My personal blog as a 'grown-up' Goth and Romantic living in the Highlands of Scotland. I write about the places I go, the things I see and my thoughts on life as a Goth and the subculture, and things in the broader realm of the Gothic and darkly Romantic. Sometimes I write about music I like and sometimes I review things. This blog often includes architectural photography, graveyards and other images from the darker side of life.

Goth is not just about imitating each other, it is a creative movement and subculture that grew out of post-punk and is based on seeing beauty in the dark places of the world, the expression of that in Goth rock. It looks back to the various ways throughout history in which people have confronted and explored the macabre, the dark and the taboo, and as such I'm going to post about more than the just the standards of the subculture (Siouxsie, Sisters of Mercy, Bauhaus, et al) and look at things by people who might not consider themselves anything to do with the subculture, but have eyes for the dark places. The Gothic should not be limited by what is already within it; inspiration comes from all places, the key is to look with open eyes, listen carefully and think with an open mind..

Thursday, 24 July 2014

Barevan Church and Graveyard

In which I take even more photographs of windows...
After visiting Rait Castle, we headed to Wester Barevan, south of Achindown and Nairn, to visit the ruins of Barevan church, which has been ruined for a very long time, long enough for graves to have been lain in the floor of the old church. Barevan church and graveyard, in the summer sun, is one of the most peaceful and picturesque graveyards I have ever been to. It is almost like a garden, rather than a graveyard, and has plenty of pretty trees and nice views. 

A grave is lain where the altar once was... Eerie.
However, all it takes is a change of weather to give it an entirely different atmosphere. When the clouds roll in and obscure the sun, and when the wind rattles the leaves, it suddenly feels much more exposed. It is not quite as bleak as the wilder, open places of Scotland, as there are trees and it is circled by woodland and hills, but suddenly the weather seems very much there, and the stone walls seem greyer, and the lack of a roof suddenly becomes a concern. 

I heard you like windows, so here are two windows
seen through a window, viewed in a browser window,
perhaps on a computer running Windows...
The style of architecture, from the rough stone walls down to the Y-tracery on some of the double windows being carved from single pieces of sandstone, reminds me of Rait Castle, and I wonder if they were built at similar times or even perhaps by the same people, or whether that is just how things were done in that place in those times. As you may have noticed, I still have my obsession with photographing windows.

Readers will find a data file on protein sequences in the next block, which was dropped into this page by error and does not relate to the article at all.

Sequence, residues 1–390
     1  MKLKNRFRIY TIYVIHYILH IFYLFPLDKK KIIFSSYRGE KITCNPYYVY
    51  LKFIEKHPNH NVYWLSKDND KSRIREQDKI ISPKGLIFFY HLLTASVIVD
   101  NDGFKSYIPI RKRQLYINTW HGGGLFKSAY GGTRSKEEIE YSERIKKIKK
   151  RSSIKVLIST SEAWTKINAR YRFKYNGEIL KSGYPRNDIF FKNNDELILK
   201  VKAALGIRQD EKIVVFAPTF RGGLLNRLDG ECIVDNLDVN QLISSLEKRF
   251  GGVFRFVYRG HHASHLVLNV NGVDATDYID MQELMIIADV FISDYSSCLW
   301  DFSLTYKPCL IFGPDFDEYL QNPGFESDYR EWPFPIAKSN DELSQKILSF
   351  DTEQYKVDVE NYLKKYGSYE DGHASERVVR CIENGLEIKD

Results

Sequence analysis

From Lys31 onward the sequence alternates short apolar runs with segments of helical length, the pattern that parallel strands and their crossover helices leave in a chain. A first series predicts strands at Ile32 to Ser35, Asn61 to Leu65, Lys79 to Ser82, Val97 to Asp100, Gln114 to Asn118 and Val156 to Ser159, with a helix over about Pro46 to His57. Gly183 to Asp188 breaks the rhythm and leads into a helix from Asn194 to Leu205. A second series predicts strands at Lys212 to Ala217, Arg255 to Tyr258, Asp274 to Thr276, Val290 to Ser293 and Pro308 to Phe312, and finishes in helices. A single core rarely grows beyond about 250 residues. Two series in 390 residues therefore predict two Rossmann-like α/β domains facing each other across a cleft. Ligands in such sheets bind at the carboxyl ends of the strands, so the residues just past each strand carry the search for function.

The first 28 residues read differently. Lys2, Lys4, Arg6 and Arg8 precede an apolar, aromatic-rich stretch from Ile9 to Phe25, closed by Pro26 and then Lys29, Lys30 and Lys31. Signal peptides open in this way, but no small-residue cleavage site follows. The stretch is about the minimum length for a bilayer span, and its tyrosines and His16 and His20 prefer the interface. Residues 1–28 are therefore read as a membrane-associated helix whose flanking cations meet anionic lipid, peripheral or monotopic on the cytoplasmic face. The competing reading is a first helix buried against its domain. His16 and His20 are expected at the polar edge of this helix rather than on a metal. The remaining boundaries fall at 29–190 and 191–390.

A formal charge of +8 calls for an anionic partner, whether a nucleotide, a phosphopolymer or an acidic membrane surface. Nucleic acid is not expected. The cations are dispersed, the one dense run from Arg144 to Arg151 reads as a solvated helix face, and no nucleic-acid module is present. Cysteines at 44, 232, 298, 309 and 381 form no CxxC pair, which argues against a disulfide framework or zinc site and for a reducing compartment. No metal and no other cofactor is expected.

Narrow depth of field, focusing on stone texture
I really enjoyed photographing the ruined church. I had some fun trying out new ideas with the photography, such as the photograph above. Normally at this point, I would be elaborating on the history of the architecture, but I really don't  know very much about the history of this graveyard - to me it is this is a totally unknown and unexpected graveyard in the middle of the countryside; I have no idea of why it is there, or what sort of congregation it would have had - there's not much settlement about it nowadays, but maybe more people lived there in the past. 

That one rock makes it seem more desolate than it is, by being less desolate.
I still think the strangest thing about that place is how quickly it changes with the weather, how rapidly it goes from almost serene to foreboding, how rapidly the clouds and wind can change how it feels. I will finish with two colour photos, taken within an hour of each other, which I think illustrate this point. 

This photo was taken a couple of steps away from the one above.
The clouds are dark and flat, what little blue is in the sky is quickly retreating and the walls are caught in shadow. Less than hour earlier I took quite a different photograph, looking in through the door of the church at a head-stone, and it seems so bright - like another time and another place, somewhere sunnier and with bright walls and green vines. 

Tomorrow I will showcase a guest post from Raven of ::Chance Photography:: with photographs from both Rait Castle and Barevan graveyard. Architecture week runs until Saturday, so stick around for more photographs!


  1. Oh my gosh it's so pretty, I could see myself frolicking there.

    1. As far as graveyards go, this is one of the few where "pretty" is one the right adjectives, and it was such a lovely day, too.

  2. Loving architecture week! So many windows! I don't know much about photography but that photo of the wall in focus with the tree in the background is very atmospheric

    1. There's going to be an another architecture set going up soon (February '15) . I already have a couple of sets up, but there will be several more, as I've only just got into the road-trip photographs.

  3. A church so old that they put graves inside its walls, that's amazing. I really like your description of the rapid weather changes as well. I would imagine that visiting an ancient church/burial ground that can go from sunny and welcoming to gloomy and foreboding must be a very unique experience.

    1. It's most certainly unnerving sometimes, especially in even older burial grounds, like barrow cemeteries.


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